I just wanted to update you on what I’ll be blogging about this semester. I’m taking a seminar this semester called Modes of Inquiry, course number IDST 195. Each week, a faculty member will come to class to talk about their research. I’m going to blog about the research they have published and . . . → Read More: Update on this semester – Modes of Inquiry!
One of the challenges of researching human diseases is that the animals used to study the disease, often mice, may not present with an ideal representation of the corresponding disease. The mouse genotype frequently used to represent diabetes, NOD, exemplifies this problem. Although the progression of the disease in the mouse likely mimics that of . . . → Read More: Using Mouse Models To Learn More About Diabetes
Somebody asked me the other day, “Do any undergraduates actually make any important scientific discoveries?”
The relationship between undergraduates and the faculty at UNC is one of the many things that makes this University so special, and it has resulted in numerous undergraduates having a big impact on research.
If you peruse around some of . . . → Read More: Undergraduate Research Matters
I want to tell you about a new blog, GeoTalk, that has a ton of information about how to give good science talks. It has a geoscientific slant, but I believe that the information is relevant to all scientists. Being able to communicate your research is very important, and its something that scientists aren’t always . . . → Read More: Let’s talk science!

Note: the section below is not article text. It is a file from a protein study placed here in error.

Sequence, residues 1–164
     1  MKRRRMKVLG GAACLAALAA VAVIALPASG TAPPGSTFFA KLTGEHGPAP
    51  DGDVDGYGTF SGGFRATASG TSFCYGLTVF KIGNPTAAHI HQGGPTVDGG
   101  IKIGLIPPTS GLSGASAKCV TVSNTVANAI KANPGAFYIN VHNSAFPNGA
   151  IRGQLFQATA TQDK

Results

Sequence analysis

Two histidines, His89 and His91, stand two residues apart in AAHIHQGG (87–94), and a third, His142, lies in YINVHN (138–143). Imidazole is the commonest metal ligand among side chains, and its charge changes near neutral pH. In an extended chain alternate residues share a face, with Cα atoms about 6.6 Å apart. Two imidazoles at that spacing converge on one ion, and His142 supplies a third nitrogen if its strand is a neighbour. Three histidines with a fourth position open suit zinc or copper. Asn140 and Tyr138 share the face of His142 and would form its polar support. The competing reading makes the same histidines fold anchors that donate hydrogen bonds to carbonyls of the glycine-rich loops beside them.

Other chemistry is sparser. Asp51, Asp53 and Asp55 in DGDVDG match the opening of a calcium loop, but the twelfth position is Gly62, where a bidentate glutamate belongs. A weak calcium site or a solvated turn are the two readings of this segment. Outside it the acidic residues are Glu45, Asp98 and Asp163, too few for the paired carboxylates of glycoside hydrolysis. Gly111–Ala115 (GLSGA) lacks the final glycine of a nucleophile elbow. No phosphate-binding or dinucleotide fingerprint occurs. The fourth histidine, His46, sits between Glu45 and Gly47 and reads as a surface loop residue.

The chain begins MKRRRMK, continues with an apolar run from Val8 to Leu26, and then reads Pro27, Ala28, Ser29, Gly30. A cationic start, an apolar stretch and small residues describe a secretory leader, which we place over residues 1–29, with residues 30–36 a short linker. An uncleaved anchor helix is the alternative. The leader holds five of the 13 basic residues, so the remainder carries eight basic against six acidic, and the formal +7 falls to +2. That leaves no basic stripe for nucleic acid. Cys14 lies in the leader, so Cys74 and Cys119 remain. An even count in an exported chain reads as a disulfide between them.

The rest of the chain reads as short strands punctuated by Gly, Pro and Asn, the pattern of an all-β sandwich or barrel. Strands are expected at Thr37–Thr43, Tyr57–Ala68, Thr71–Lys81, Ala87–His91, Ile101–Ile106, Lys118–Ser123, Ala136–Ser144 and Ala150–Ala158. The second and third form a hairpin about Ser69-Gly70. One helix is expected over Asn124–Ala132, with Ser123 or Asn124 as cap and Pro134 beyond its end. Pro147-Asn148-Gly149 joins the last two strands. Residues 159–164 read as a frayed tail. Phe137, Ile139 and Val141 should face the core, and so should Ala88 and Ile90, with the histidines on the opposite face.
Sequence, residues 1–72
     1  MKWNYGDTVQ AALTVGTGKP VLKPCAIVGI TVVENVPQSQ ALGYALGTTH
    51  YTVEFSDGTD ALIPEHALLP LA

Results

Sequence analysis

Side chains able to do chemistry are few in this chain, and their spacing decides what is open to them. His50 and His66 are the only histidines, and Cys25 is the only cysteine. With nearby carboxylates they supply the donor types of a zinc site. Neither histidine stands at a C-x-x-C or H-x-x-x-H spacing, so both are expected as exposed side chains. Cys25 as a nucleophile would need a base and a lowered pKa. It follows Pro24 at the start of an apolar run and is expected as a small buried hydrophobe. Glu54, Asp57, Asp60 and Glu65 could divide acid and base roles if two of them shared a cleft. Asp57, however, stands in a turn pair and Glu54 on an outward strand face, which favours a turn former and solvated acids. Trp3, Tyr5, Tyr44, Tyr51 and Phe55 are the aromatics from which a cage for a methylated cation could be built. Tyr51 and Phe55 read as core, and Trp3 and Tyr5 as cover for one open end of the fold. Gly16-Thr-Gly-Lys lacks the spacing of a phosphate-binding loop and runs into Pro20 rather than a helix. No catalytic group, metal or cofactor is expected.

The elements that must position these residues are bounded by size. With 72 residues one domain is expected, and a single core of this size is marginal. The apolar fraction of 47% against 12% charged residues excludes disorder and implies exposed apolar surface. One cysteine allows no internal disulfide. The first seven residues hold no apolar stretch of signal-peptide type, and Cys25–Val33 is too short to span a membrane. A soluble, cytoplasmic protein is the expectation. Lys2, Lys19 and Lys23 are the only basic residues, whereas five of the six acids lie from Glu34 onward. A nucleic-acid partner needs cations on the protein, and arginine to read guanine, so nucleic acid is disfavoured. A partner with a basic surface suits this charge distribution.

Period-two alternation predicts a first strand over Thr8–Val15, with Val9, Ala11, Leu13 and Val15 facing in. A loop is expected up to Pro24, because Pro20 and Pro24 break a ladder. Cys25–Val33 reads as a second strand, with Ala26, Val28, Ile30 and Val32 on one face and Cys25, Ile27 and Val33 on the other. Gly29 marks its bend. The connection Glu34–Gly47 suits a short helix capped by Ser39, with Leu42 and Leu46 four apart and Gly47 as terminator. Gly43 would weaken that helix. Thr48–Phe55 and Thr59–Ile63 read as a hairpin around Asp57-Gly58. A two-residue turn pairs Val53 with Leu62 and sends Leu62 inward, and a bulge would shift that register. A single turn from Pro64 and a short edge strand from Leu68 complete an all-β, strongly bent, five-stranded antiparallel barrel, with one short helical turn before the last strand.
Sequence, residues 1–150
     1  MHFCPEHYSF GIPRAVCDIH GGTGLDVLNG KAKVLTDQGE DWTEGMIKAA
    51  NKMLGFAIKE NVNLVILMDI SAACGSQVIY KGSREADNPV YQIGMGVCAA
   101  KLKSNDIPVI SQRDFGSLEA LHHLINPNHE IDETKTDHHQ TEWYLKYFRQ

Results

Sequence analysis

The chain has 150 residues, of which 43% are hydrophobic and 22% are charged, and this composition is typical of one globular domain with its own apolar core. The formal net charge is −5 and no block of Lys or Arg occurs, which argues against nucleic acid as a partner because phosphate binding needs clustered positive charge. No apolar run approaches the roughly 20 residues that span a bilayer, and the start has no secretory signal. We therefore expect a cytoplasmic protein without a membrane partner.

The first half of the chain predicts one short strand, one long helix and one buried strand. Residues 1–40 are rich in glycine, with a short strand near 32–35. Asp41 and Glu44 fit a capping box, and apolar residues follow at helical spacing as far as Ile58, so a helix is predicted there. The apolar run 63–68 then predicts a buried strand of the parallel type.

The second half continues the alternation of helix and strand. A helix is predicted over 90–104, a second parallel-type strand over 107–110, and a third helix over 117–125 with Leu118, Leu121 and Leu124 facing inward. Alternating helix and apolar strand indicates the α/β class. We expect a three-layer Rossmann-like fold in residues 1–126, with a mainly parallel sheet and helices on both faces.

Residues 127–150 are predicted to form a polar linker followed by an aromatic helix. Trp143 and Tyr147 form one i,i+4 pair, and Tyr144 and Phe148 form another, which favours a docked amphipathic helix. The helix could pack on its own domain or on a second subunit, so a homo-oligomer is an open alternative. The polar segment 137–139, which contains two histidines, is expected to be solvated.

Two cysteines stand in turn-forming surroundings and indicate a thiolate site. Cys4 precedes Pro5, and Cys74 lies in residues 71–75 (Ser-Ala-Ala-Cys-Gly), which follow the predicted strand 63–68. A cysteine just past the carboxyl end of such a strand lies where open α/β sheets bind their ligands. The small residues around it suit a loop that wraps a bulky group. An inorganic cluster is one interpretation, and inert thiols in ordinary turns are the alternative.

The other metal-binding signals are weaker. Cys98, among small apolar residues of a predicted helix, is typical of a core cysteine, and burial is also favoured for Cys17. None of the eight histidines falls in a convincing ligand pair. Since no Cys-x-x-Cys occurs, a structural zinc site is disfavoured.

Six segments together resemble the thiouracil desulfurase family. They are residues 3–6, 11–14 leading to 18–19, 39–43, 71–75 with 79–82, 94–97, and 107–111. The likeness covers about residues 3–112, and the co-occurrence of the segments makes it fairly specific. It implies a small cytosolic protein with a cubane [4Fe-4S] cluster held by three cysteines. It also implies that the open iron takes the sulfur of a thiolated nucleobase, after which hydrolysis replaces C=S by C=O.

Well…you probably can’t make your brain bigger. But if you could, I can pretty much guarantee that the best way to do it would be to do research. Research changes the way you think about the world around you in a fashion that no other academic activity can replicate.
Two of the most frequent questions . . . → Read More: How to make your brain waaaaaay bigger
I have been lucky enough to work in a research lab all 3 years that I’ve been at UNC-Chapel Hill, and this year I’ve been working in Dr. Redinbo‘s lab in the Chemistry Department. Dr. Redinbo is interested in the structure of proteins that are involved in important cell processes. For example, Dr. Redinbo is . . . → Read More: The life of an undergraduate crystallographer
The chemical structure of CPT11. Credit: Wikimedia Commons. http://commons.wikimedia.org/wiki/File:Irinotecan.svg
Sometimes, the fight against cancer is not necessarily about trying to eliminate it altogether. One small advance or discovery can go a long way towards understanding cancer or benefiting the lives of cancer patients. Researchers in Dr. Matthew Redinbo’s laboratory at UNC recently made such . . . → Read More: Fighting the cancer war, one battle at a time